This section includes estimates of gust factors in extratropical winds obtained from near-surface wind data collected by eight ASOS stations in 2004, as shown in Table 4, and compares them with gust factors associated with TC winds. This section also compares 5-s gust factors based on mean hourly extratropical wind speeds (Table 5) with results obtained from FCMP observations. The authors chose ASOS sites that appear to provide a reasonable sample, and the selection criteria excluded sites where mixed extratropical and tropical storms would occur. A threshold of 10 m s−1 for hourly mean wind speed was employed for data quality control. There was no definitive way of estimating the roughness lengths, so the authors assumed a conventional open exposure value of 0.03 m for the roughness of the ASOS sites. Thunderstorm events were automatically removed, since for thunderstorms the peak gust factors (as defined in the paper and elsewhere) would have very large values—outliers—on account of the low mean hourly speeds. The ASOS reporting procedure provides 5-s peak gusts for every 1-min interval of the record; the mean hourly speed is the arithmetic mean of the 60 successive averages listed for each hour. A detailed explanation of ASOS 1-min near-surface wind data is included in DSI-6405 (NCDC 2006). Estimated 5-s gust factors based on mean hourly extratropical wind speeds vary from 1.40 to 1.50, as shown in Table 5. The 5-s gust factors obtained from FCMP TC winds are 1.54 and 1.64 for roughness regimes of 0.007 m ≤ z0 < 0.03 m and 0.03 m ≤ z0 < 0.06 m (Table 6), respectively. Thus, for the 5-s gust factors, the estimated values associated with TC winds are higher than those associated with extratropical winds. For example, the gust factor in TC winds can be more than 10% higher than the gust factor associated with extratropical winds for the roughness regime of 0.007 m ≤ z0 < 0.03 m, and more than 17% higher for the roughness regime of 0.03 m ≤ z0 < 0.06 m.
From the results presented in Tables 5 and 6, the values of CV of gust factors can be evaluated. Estimated values of CV of 5-s gust factors for extratropical winds ranged from 0.067 to 0.108, showing low variability of gust factors analyzed using different segments. Estimated values of CV of 3-s gust factors for TC winds are 0.031, 0.035, 0.038, and 0.077, for roughness regimes RR1, RR2, RR3, and RR4, respectively. Estimated values of CV of 5-s gust factors for TC winds are 0.023, 0.029, 0.039, and 0.067, for roughness regimes RR1, RR2, RR3, and RR4, respectively. In view of the low CV values for TC winds, it can be stated that the mean value estimated for each roughness regime can be considered a useful measure of the gust factor for that regime. It is also noted that, both for 3- and 5-s gust factors, the estimated values of the CV increased with increasing terrain roughness, reflecting higher variability of the gust factors as the terrain roughness increases.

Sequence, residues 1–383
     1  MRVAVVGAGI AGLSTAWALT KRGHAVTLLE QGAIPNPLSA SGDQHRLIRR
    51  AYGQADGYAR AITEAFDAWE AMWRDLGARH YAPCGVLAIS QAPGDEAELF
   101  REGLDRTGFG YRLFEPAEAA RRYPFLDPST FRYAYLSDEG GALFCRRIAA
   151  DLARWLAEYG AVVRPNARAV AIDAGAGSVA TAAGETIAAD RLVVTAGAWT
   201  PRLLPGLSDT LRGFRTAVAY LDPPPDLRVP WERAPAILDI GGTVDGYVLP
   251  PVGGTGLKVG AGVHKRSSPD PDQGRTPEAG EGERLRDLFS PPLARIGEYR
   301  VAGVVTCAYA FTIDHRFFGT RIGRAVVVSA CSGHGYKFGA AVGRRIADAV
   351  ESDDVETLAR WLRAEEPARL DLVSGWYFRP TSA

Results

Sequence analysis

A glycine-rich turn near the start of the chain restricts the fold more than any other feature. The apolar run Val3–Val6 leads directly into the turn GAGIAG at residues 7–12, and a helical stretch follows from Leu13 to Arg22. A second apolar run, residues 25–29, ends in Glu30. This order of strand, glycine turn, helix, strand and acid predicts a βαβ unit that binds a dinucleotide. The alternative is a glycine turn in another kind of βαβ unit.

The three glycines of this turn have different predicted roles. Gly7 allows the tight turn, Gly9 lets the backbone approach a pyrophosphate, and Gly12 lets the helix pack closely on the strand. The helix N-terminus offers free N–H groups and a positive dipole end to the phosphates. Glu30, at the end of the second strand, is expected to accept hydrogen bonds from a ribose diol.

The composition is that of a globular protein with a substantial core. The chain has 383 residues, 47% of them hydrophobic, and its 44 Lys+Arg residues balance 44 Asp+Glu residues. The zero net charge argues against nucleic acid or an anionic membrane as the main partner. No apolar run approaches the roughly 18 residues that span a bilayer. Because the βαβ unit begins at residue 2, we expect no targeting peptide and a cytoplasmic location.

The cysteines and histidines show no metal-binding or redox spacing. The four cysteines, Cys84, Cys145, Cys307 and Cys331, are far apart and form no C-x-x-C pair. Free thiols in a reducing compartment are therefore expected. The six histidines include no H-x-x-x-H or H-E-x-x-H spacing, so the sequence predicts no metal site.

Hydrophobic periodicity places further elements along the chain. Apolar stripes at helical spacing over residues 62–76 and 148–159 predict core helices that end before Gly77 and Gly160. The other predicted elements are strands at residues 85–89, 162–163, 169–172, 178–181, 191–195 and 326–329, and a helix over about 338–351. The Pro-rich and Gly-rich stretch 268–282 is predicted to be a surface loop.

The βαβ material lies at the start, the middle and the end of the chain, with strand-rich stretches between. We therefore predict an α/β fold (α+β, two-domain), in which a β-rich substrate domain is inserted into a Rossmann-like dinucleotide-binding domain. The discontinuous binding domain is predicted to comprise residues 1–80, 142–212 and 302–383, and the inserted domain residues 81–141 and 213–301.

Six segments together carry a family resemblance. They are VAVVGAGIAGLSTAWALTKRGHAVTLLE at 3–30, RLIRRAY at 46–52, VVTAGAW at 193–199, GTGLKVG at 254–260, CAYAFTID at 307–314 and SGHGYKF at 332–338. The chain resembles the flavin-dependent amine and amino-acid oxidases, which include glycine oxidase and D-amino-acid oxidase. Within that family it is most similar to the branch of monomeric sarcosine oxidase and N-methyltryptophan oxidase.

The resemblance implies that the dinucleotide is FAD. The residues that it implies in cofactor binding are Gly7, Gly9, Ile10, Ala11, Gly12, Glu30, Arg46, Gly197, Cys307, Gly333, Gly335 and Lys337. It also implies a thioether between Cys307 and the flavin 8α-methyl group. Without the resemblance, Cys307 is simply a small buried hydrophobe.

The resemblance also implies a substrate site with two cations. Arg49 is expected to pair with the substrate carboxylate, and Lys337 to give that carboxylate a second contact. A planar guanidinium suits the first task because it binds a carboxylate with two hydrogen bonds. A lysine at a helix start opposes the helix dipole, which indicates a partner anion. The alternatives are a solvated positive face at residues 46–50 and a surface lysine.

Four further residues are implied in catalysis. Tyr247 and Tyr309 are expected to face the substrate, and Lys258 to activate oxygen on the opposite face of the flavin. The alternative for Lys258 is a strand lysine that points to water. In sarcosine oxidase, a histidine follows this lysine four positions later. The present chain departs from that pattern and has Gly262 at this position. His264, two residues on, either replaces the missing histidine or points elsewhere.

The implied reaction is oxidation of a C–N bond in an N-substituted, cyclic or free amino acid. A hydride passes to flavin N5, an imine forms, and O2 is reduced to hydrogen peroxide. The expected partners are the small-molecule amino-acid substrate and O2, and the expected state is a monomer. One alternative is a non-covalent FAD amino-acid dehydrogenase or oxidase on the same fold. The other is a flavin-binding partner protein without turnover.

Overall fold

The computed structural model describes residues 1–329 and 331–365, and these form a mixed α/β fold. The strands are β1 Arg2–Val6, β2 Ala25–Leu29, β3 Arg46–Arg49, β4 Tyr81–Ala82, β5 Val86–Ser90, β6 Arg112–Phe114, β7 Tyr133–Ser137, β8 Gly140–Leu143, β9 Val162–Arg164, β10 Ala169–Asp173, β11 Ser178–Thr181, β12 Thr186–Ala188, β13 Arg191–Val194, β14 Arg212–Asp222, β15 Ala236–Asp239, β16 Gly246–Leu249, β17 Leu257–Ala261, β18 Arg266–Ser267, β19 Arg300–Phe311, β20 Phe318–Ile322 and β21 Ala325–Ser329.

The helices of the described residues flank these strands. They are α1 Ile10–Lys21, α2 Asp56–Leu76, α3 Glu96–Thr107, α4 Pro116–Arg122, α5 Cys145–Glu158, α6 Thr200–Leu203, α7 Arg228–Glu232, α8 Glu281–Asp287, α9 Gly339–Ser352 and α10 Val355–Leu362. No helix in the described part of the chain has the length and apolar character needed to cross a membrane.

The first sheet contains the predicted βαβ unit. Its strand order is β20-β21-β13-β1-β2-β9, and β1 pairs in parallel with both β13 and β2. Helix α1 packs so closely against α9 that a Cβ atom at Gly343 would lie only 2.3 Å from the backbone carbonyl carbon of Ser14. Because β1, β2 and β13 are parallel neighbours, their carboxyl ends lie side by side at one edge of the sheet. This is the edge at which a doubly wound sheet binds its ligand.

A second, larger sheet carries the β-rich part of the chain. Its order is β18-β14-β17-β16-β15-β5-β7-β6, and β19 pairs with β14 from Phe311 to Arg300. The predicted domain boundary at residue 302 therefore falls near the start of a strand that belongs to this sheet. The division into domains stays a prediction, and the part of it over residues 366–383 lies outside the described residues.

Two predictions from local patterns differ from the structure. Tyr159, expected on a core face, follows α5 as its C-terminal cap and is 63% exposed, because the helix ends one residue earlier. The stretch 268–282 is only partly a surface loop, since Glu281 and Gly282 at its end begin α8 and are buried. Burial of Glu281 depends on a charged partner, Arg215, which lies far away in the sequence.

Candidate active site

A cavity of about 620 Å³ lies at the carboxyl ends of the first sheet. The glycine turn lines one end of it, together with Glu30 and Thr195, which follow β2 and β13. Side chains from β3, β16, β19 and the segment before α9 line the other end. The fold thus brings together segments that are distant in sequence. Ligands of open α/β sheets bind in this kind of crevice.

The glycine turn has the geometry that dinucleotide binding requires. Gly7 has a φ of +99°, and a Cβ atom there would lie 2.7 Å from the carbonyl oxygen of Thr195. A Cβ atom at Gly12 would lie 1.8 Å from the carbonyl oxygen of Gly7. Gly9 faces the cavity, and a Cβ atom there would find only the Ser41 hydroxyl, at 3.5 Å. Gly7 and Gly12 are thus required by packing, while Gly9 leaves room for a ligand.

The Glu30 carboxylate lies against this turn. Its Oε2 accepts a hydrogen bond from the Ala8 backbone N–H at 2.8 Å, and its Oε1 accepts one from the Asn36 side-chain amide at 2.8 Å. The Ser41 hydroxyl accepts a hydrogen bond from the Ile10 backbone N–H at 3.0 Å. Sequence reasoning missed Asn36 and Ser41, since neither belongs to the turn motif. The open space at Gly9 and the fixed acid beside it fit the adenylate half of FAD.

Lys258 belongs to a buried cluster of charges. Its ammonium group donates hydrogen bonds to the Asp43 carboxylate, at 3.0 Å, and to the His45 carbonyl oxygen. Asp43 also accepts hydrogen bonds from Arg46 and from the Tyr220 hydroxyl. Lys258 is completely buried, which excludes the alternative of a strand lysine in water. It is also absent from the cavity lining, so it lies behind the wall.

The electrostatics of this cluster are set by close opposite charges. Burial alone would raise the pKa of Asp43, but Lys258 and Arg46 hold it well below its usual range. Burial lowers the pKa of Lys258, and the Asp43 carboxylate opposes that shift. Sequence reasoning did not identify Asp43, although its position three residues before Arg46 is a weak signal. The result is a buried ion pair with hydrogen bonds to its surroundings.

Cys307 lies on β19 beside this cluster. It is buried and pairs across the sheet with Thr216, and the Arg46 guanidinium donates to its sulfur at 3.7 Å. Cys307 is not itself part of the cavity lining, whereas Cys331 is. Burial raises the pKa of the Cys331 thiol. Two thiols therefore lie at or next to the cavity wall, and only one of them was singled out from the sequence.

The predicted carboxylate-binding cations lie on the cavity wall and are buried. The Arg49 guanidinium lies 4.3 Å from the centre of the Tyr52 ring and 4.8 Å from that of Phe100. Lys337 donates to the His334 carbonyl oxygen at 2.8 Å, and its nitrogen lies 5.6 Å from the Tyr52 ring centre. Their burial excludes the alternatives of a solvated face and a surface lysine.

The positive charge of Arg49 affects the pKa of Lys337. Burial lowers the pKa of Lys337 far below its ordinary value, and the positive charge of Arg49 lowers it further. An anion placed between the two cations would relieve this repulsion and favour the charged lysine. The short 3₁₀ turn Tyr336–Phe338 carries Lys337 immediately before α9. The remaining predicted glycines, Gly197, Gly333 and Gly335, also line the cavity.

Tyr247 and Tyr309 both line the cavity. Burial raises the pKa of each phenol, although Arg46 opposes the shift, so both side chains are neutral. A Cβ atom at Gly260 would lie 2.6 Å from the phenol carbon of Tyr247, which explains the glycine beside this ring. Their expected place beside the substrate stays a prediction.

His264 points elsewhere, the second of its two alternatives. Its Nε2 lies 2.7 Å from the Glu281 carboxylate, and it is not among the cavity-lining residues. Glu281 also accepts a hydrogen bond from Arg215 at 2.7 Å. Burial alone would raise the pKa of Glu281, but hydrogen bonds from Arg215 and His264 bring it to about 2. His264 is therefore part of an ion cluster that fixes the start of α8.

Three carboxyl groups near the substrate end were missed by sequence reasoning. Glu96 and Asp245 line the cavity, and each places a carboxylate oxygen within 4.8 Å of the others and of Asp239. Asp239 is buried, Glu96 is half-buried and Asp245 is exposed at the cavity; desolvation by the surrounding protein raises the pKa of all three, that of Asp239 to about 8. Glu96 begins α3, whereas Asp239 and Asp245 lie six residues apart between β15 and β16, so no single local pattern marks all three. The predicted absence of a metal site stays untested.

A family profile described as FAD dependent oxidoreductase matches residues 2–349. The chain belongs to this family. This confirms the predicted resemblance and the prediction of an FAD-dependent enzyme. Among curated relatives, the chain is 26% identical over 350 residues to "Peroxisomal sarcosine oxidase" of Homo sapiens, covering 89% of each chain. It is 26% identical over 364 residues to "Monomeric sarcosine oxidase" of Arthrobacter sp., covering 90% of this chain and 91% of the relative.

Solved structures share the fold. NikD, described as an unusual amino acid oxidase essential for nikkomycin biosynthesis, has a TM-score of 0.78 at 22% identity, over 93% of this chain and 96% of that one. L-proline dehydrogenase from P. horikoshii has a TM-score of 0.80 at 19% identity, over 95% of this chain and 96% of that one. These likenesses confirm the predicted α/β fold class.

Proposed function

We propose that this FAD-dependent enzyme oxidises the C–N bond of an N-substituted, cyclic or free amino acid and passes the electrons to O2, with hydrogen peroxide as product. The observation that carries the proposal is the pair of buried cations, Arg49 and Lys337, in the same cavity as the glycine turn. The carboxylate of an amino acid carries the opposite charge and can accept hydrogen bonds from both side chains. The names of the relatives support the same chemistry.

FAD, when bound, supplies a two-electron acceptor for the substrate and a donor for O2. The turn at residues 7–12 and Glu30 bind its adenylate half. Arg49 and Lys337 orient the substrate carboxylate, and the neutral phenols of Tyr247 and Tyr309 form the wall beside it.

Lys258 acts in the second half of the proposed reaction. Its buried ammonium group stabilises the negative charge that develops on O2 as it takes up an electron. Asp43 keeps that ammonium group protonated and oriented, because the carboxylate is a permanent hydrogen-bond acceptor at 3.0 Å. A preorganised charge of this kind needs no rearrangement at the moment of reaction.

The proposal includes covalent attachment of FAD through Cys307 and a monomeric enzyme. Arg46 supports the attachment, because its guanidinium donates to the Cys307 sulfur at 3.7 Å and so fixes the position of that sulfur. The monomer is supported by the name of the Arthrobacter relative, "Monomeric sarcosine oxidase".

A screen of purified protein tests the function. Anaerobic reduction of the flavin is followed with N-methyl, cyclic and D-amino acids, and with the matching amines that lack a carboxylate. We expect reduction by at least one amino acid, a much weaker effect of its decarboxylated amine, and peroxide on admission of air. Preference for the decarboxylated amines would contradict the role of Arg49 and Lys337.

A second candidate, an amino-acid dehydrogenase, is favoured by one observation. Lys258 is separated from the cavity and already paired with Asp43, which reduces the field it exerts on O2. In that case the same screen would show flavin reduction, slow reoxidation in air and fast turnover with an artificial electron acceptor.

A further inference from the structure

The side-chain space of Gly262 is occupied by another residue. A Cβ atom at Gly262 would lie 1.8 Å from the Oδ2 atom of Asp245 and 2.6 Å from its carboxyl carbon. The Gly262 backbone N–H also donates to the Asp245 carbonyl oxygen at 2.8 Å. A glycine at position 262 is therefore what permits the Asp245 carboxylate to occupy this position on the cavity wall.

Figure 12 shows the histograms of 5-s gust factors for extratropical winds from two ASOS stations and for FCMP TC winds over the roughness regimes of 0.007 m ≤ z0 < 0.03 m and 0.03 m ≤ z0 < 0.06 m. The histograms of gust factors of extratropical winds from stations KCPR and KBIL are roughly similar, as shown in Fig. 12; both are clearly skewed. The mean values of 5-s gust factor are 1.40 and 1.42 for KCPR and KBIL, respectively. The mean values of 5-s gust factor are 1.54 and 1.64 for FCMP TC winds over the roughness regimes of 0.007 m ≤ z0 < 0.03 m and 0.03 m ≤ z0 < 0.06 m, respectively. For 0.007 m ≤ z0 < 0.03 m (RR3) the histogram is symmetrical, whereas for 0.03 m ≤ z0 < 0.06 m (RR4) the estimated skewness of the histogram is
where μ and σ are, respectively, the sample mean and standard deviation, and the sample size is 23. The skewness may be due to the relatively small size of the sample, rather than being a reflection of population skewness. To check this assumption, 100 samples of size 23 were generated from a standard Gaussian distribution. Their skewness coefficients are plotted in Fig. 13, and indicate that under the assumption that the population is Gaussian the probability that a sample of size 23 from that population has a histogram with an absolute value of the skewness of about 0.75 is about 15%.
d. Comparison of estimated gust factors with results obtained by other investigators
1) Open terrain with roughness 0.007 m ≤ z0 < 0.03 m (regime RR3), 10-m elevation